You are here
The 12 Trips of Christmas: The Longest Christmas
With nearly 90 percent of the nation following Christian traditions and doctrines, the Philippines has quite a reputation for going all out for Christmas. With decorations going up in September, Christmas parties being held throughout Autumn and Winter and Christmas-themed talent shows taking place before the rest of the world dares to plug in their lights, Filipinos couldn’t be more proud of their Christmas traditions. Feast on chestnuts and puto bumbong (a purple rice dessert that is steamed in bamboo and eaten with butter, coconut and sugar). Exercise your creative side and try your hand at making a paról, or star-shaped lantern inspired by the star of Bethlehem. If the thought of making a ten-point star out of bamboo and crêpe paper scares the snowmen out of you, then visit the Giant Lantern Festival in Pampanga and admire the thousands of beautiful paróls crafted by artisans and paról experts. Make a trip to Tarlac City where you will find hundreds of beautiful manger scenes or beléns decorating the rooftops. If you're staying in urban areas, be sure to have a few coins or pieces of candy ready for the young carollers who will be stopping outside your door to sing pinoy Christmas songs. If you are interested in learning about local church celebrations, then you won’t want to miss Simbang Gabi, a nine day affair that involves meeting at a church at three o’clock in the morning and enjoying traditional breakfast treats after mass.
On the night before Christmas and Christmas day, the streets may be quiet as most families will be spending time together inside their homes. A Christmas feast takes place the night before Christmas called Noche Buena and children are expected to pay respects to their elders and godparents, who in exchange, give the children a namamasko or gift of fresh crisp money.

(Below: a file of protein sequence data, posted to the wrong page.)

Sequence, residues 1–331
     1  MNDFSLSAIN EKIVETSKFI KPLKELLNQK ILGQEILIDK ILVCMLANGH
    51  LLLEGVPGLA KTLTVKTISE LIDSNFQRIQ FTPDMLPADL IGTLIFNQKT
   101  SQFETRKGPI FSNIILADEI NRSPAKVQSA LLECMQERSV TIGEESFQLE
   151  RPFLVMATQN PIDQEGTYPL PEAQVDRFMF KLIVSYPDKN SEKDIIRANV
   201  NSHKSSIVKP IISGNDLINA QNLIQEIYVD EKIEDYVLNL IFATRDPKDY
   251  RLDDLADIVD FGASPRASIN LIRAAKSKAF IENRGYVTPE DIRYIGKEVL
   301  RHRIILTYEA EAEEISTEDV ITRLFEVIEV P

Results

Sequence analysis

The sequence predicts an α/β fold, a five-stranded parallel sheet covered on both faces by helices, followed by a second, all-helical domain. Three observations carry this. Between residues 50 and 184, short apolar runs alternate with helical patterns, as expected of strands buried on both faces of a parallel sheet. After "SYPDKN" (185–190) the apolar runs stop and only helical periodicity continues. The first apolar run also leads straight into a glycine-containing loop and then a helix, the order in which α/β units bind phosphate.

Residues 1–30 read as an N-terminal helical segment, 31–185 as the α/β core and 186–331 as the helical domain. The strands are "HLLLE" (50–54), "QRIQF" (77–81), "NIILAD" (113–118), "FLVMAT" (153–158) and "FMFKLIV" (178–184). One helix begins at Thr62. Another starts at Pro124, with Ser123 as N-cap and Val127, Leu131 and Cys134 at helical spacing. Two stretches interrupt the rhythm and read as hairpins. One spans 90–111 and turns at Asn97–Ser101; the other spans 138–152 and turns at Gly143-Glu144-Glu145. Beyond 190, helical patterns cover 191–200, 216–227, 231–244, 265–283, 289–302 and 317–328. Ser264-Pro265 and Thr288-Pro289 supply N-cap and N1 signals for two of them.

After Christmas day, the fun doesn’t quite end. New Year’s Eve is celebrated with another feast and fireworks as people hope for prosperity and good fortune for the coming year. A few other celebrations are held throughout January until Christmas officially ends on the third week with the Feast of Saint Niño. Across the Philippines, different communities have different final celebrations to honor the baby Jesus. In Manila, thousands gather for the Sinulog Festival to honor one of the oldest religious relics in the Philippines, the statue of Santo Niño de Cebu, which was gifted by Ferdinand Magellan. In Kalibo, the “Mother of All Festivals” takes place with parades, food, live performances, and much more.
From September through January, no matter what part of the Philippines you are in, you'll find yourself in the midst of a spectacular Christmas celebration.
All photos were purchased from Pond 5.